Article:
Nat Rev Nephrol 2010 Dec;6(12):736-43. Epub 2010 Sep 28 doi: 10.1038/nrneph.2010.122. PMID: 20877305
Motoyama O, Inoue M, Hasegawa A, Sakai K, Kawamura T, Aikawa A, Iitaka K
Pediatr Int 2010 Jun;52(3):e128-30. doi: 10.1111/j.1442-200X.2010.03057.x. PMID: 20723108

Diagnosis

Barraza-García J, Rivera-Pedroza CI, Belinchón A, Fernández-Camblor C, Valenciano-Fuente B, Lapunzina P, Heath KE
Eur J Med Genet 2016 Aug;59(8):363-6. Epub 2016 Jun 6 doi: 10.1016/j.ejmg.2016.06.002. PMID: 27282802
Carroll C, Hunley TE, Guo Y, Cortez D
Am J Med Genet A 2015 Oct;167A(10):2260-4. Epub 2015 May 5 doi: 10.1002/ajmg.a.37146. PMID: 25943327Free PMC Article
Hunter KB, Lücke T, Spranger J, Smithson SF, Alpay H, André JL, Asakura Y, Bogdanovic R, Bonneau D, Cairns R, Cransberg K, Fründ S, Fryssira H, Goodman D, Helmke K, Hinkelmann B, Lama G, Lamfers P, Loirat C, Majore S, Mayfield C, Pontz BF, Rusu C, Saraiva JM, Schmidt B, Shoemaker L, Sigaudy S, Stajic N, Taha D, Boerkoel CF
Eur J Pediatr 2010 Jul;169(7):801-11. Epub 2009 Dec 15 doi: 10.1007/s00431-009-1115-9. PMID: 20013129Free PMC Article
Sauerstein K, Schroth M, Amann K, Hoyer J, Singer H, Rauch A, Dötsch J
Eur J Pediatr 2007 Dec;166(12):1285-8. Epub 2006 Dec 29 doi: 10.1007/s00431-006-0383-x. PMID: 17195070
Hashimoto K, Takeuchi A, Ieshima A, Takada M, Kasagi M
Am J Med Genet 1994 Feb 1;49(3):266-9. doi: 10.1002/ajmg.1320490304. PMID: 8209883

Therapy

Grenda R, Jarmużek W, Latoszyńska J, Prokurat S, Rubik J
Pediatr Transplant 2016 Dec;20(8):1148-1151. Epub 2016 Sep 26 doi: 10.1111/petr.12828. PMID: 27671102
Yavuz S, Bayazıt AK, Anarat A, Gonlusen G, Alsancak P
Pediatr Int 2015 Apr;57(2):310-3. doi: 10.1111/ped.12455. PMID: 25868949
Gendronneau M, Kérourédan O, Taque S, Sixou JL, Bonnaure-Mallet M
Eur Arch Paediatr Dent 2014 Jun;15(3):217-21. Epub 2013 Dec 11 doi: 10.1007/s40368-013-0099-3. PMID: 24327104Free PMC Article
Baradaran-Heravi A, Lange J, Asakura Y, Cochat P, Massella L, Boerkoel CF
Am J Med Genet A 2013 Oct;161A(10):2609-13. Epub 2013 Aug 15 doi: 10.1002/ajmg.a.36111. PMID: 23950031Free PMC Article
Petty EM, Yanik GA, Hutchinson RJ, Alter BP, Schmalstieg FC, Levine JE, Ginsburg D, Robillard JE, Castle VP
J Pediatr 2000 Dec;137(6):882-6. doi: 10.1067/mpd.2000.109147. PMID: 11113849

Prognosis

Barraza-García J, Rivera-Pedroza CI, Belinchón A, Fernández-Camblor C, Valenciano-Fuente B, Lapunzina P, Heath KE
Eur J Med Genet 2016 Aug;59(8):363-6. Epub 2016 Jun 6 doi: 10.1016/j.ejmg.2016.06.002. PMID: 27282802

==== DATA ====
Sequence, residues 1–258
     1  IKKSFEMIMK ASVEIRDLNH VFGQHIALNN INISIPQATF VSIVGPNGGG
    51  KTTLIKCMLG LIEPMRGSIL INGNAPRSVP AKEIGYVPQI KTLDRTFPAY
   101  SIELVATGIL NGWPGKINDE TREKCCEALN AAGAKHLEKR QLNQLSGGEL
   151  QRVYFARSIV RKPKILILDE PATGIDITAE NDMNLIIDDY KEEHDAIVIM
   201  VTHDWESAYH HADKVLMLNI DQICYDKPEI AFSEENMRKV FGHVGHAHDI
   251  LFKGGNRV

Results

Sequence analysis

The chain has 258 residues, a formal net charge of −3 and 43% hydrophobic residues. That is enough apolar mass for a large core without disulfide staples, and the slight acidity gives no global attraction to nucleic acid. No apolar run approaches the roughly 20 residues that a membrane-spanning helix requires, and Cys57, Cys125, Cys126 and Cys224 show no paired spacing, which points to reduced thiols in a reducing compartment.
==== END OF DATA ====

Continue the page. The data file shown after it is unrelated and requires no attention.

Bakr A, Eid R, Sarhan A, Hammad A, El-Refaey AM, El-Mougy A, Zedan MM, ElHusseini F
Saudi J Kidney Dis Transpl 2015 Sep;26(5):987-91. doi: 10.4103/1319-2442.164585. PMID: 26354575
Yavuz S, Bayazıt AK, Anarat A, Gonlusen G, Alsancak P
Pediatr Int 2015 Apr;57(2):310-3. doi: 10.1111/ped.12455. PMID: 25868949
Westbroek EM, Mukerji N, Kalanithi P, Steinberg GK
J Neurosurg Pediatr 2015 Feb;15(2):189-91. Epub 2014 Nov 28 doi: 10.3171/2014.10.PEDS14141. PMID: 25431900
Gendronneau M, Kérourédan O, Taque S, Sixou JL, Bonnaure-Mallet M
Eur Arch Paediatr Dent 2014 Jun;15(3):217-21. Epub 2013 Dec 11 doi: 10.1007/s40368-013-0099-3. PMID: 24327104Free PMC Article

Clinical prediction guides

Barraza-García J, Rivera-Pedroza CI, Belinchón A, Fernández-Camblor C, Valenciano-Fuente B, Lapunzina P, Heath KE
Eur J Med Genet 2016 Aug;59(8):363-6. Epub 2016 Jun 6 doi: 10.1016/j.ejmg.2016.06.002. PMID: 27282802
Baradaran-Heravi A, Lange J, Asakura Y, Cochat P, Massella L, Boerkoel CF
Am J Med Genet A 2013 Oct;161A(10):2609-13. Epub 2013 Aug 15 doi: 10.1002/ajmg.a.36111. PMID: 23950031Free PMC Article
Sobek AK, Evers C, Dekomien G
Mol Cell Probes 2013 Feb;27(1):32-7. Epub 2012 Aug 27 doi: 10.1016/j.mcp.2012.08.007. PMID: 23010210
Clewing JM, Fryssira H, Goodman D, Smithson SF, Sloan EA, Lou S, Huang Y, Choi K, Lücke T, Alpay H, André JL, Asakura Y, Biebuyck-Gouge N, Bogdanovic R, Bonneau D, Cancrini C, Cochat P, Cockfield S, Collard L, Cordeiro I, Cormier-Daire V, Cransberg K, Cutka K, Deschenes G, Ehrich JH, Fründ S, Georgaki H, Guillen-Navarro E, Hinkelmann B, Kanariou M, Kasap B, Kilic SS, Lama G, Lamfers P, Loirat C, Majore S, Milford D, Morin D, Ozdemir N, Pontz BF, Proesmans W, Psoni S, Reichenbach H, Reif S, Rusu C, Saraiva JM, Sakallioglu O, Schmidt B, Shoemaker L, Sigaudy S, Smith G, Sotsiou F, Stajic N, Stein A, Stray-Pedersen A, Taha D, Taque S, Tizard J, Tsimaratos M, Wong NA, Boerkoel CF
Hum Mutat 2007 Mar;28(3):273-83. doi: 10.1002/humu.20432. PMID: 17089404